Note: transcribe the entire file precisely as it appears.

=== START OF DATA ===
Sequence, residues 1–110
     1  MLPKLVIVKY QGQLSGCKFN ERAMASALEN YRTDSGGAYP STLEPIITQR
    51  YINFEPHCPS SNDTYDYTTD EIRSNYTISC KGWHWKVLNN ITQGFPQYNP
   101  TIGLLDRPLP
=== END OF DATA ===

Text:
Sequence, residues 1–110
     1  MLPKLVIVKY QGQLSGCKFN ERAMASALEN YRTDSGGAYP STLEPIITQR
    51  YINFEPHCPS SNDTYDYTTD EIRSNYTISC KGWHWKVLNN ITQGFPQYNP
   101  TIGLLDRPLP